For the Sun, anti-Labour bias is as easy as one, two, three
It comes to something when shadow chancellor Ed Balls answering a maths question correctly can be made into fuel for the anti-Labour fire. Today the Sun published a short piece, ‘Simple sum stumps Balls’, after the shadow chancellor was quizzed by a journalist. Here’s the story:
“Ed Balls took ten seconds to answer a basic maths calculation during a live TV ambush.
The shadow chancellor stumbled over 6 x 7 during yesterday’s press conference in Leeds.
Mr Balls eventually gave the correct answer of 42.
But he admitted: ‘It’s always a dangerous thing for politicians to answer those questions.'”
However, Mr Balls is not alone in his view of the danger of answering a maths question on television.
In July 2014, a similar question was asked of the current Tory chancellor, George Osborne, who refused to even hazard a guess.
When asked on Sky News to answer 7 x 8, Mr Osborne said:
“I’m not going to get into a whole string of, er… I’ve made it a rule in life not to answer a whole load of maths questions.”
Balls may have hesitated, but at least he answered the question.
You might think the Sun would have included Osborne’s sum-shy response in their story, for the sake of balance or interesting context. But the chancellor is left out of the story.
However, the Sun does give the example of another Tory minister having trouble with the same maths question as so worried the Tory chancellor:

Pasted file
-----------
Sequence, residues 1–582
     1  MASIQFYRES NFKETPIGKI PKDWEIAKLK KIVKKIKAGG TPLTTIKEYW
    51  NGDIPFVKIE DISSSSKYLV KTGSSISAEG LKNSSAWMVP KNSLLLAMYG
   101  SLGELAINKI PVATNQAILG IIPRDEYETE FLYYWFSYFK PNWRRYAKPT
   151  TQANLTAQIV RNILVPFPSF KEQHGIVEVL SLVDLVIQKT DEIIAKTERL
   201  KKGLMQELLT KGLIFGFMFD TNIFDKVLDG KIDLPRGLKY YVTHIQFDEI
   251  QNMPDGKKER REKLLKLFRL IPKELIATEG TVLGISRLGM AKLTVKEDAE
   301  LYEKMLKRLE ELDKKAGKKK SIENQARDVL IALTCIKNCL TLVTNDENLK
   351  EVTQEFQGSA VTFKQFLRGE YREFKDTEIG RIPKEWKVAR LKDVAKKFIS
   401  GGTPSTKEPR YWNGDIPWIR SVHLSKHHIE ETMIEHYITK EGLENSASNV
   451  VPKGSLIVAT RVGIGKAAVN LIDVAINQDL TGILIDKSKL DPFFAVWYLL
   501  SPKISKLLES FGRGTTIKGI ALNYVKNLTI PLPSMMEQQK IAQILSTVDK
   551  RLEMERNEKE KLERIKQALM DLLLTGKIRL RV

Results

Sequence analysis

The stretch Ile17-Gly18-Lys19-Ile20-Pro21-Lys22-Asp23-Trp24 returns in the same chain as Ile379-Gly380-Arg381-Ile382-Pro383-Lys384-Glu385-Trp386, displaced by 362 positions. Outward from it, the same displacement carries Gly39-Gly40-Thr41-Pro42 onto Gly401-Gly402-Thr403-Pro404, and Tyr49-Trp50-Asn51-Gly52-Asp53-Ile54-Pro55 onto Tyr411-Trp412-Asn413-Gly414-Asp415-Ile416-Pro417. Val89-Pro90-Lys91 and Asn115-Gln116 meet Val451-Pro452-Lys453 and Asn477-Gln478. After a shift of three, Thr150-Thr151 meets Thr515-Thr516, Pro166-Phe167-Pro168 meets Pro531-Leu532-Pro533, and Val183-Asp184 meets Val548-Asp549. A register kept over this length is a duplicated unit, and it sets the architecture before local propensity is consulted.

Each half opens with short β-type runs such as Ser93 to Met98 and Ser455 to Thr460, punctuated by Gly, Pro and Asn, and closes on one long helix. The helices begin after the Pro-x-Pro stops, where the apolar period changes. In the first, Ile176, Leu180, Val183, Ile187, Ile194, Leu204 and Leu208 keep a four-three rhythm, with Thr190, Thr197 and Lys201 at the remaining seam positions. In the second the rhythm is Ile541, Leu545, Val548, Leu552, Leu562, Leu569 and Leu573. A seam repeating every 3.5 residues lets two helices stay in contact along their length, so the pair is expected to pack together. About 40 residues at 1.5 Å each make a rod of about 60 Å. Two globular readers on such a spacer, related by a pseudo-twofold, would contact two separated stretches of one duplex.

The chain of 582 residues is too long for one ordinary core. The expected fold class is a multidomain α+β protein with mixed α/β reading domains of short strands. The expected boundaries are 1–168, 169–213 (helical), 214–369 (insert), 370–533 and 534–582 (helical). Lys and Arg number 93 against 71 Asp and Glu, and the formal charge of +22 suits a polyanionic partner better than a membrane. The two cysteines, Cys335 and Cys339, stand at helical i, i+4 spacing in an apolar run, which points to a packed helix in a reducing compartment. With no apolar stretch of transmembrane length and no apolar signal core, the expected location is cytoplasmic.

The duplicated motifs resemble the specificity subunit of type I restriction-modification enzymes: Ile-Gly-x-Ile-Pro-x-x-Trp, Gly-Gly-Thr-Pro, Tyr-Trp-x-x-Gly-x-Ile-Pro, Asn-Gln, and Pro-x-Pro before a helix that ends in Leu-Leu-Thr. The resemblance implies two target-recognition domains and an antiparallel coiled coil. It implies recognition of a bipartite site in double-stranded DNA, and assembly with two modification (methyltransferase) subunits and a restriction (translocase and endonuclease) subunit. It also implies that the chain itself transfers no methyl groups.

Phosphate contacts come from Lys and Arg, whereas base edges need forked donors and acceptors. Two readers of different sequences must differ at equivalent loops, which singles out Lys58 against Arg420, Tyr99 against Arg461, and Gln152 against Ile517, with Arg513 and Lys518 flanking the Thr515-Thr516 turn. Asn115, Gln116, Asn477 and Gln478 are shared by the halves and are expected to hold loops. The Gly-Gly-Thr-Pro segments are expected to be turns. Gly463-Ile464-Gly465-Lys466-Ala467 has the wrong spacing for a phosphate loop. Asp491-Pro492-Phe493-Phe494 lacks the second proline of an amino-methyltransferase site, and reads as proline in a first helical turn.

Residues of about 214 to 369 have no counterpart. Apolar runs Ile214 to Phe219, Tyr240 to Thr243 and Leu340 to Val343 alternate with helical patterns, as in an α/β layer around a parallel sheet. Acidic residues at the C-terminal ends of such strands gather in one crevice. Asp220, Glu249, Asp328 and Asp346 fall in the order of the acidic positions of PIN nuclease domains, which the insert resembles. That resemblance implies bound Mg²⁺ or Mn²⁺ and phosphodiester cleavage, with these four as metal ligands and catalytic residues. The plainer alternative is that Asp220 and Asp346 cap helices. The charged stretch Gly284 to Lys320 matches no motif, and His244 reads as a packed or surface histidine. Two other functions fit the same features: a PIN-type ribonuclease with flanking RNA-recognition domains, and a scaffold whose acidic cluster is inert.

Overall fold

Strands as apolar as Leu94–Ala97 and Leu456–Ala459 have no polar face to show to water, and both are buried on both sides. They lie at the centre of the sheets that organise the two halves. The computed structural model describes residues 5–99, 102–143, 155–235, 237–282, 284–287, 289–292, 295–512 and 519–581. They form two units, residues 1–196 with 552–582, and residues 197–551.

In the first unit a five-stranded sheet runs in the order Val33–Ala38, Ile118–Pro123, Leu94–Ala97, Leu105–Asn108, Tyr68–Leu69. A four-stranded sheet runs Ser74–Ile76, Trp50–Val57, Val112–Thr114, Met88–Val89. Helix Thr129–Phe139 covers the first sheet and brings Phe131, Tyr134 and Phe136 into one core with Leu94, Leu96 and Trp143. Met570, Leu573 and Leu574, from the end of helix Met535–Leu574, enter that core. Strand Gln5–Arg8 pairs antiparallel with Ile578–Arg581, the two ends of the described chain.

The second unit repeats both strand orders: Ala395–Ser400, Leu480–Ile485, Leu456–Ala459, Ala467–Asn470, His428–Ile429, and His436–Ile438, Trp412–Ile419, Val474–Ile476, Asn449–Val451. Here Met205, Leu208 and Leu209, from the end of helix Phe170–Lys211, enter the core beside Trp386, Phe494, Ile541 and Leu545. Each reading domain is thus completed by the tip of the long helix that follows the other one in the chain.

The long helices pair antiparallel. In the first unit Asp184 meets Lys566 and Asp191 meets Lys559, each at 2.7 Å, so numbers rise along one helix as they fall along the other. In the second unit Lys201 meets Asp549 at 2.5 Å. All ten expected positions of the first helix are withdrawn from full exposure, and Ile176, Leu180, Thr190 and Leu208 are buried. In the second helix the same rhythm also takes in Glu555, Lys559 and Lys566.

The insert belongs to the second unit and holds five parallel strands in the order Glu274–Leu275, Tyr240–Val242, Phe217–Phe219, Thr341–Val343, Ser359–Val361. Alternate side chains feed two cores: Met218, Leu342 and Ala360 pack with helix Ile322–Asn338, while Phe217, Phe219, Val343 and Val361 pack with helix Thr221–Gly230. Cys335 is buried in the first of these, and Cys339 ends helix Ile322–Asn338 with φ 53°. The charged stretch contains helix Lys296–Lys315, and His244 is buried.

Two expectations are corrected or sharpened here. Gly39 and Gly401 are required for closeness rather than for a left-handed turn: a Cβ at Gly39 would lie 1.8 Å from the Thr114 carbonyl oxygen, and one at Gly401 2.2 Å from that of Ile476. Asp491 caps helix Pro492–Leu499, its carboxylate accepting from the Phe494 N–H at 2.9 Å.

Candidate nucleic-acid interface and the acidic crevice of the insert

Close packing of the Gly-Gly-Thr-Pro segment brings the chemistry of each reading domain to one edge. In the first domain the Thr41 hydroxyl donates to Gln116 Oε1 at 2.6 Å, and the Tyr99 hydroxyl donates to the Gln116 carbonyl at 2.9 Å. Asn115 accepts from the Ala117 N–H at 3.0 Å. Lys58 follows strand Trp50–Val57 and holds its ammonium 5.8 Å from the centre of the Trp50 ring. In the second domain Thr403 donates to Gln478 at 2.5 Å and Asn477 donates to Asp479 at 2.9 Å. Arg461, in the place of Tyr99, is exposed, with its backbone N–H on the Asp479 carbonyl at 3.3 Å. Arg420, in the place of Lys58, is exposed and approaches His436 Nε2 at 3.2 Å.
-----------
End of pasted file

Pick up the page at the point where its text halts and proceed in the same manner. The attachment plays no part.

“Tory education secretary Nicky Morgan was left embarrassed on ITV in February when she refused to answer what 7 x 8 is.”
Shame they forgot George Osborne’s response from a few months before. (Note also how Tory Morgan was ‘left embarrassed’ by her own refusal to answer. Isn’t it odd how the power of lucid prose escapes the Sun when it comes to the Conservative party?)
But wait, the paper’s bout of amnesia is even more severe that that. On the same day that Ms Morgan dodged the times tables question on ITV, another politician wriggled out of answering maths questions: the prime minister, David Cameron.
When asked on 5 News to answer 9 x 8, Mr Cameron said:
“I’m going to plead the Nicky Morgan defence, which is I do times tables only in the car with my children on the way to school.
“I’m going to stick to that just in case I get one wrong on your excellent television programme.”
Extraordinary that the Sun would mention Ms Morgan but not the prime minister or the chancellor, isn’t it? Or perhaps they thought it would ruin the rest of their spread, which chirps that Conservative voters are more ‘happy’ than Labour voters (yes, seriously) and praises the prime minister’s ability to eat food neatly.
The possible excuse of not having enough ‘space’ won’t cut it either, as the Sun ran a long Buzzfeed-style piece on its pathetic election website all about Balls, with nothing about the Tories. And if they had space for Morgan, why not Cameron or Osborne?
The ability to answer maths questions in public doesn’t mean much. Anyone could make a mistake under the pressure, and it’s understandable for politicians to want to avoid looking foolish. But for the Sun, it seems the problem is not so much mathematics as the ability to read and write.
Adam Barnett is a staff writer at Left Foot Forward. Follow MediaWatch on Twitter
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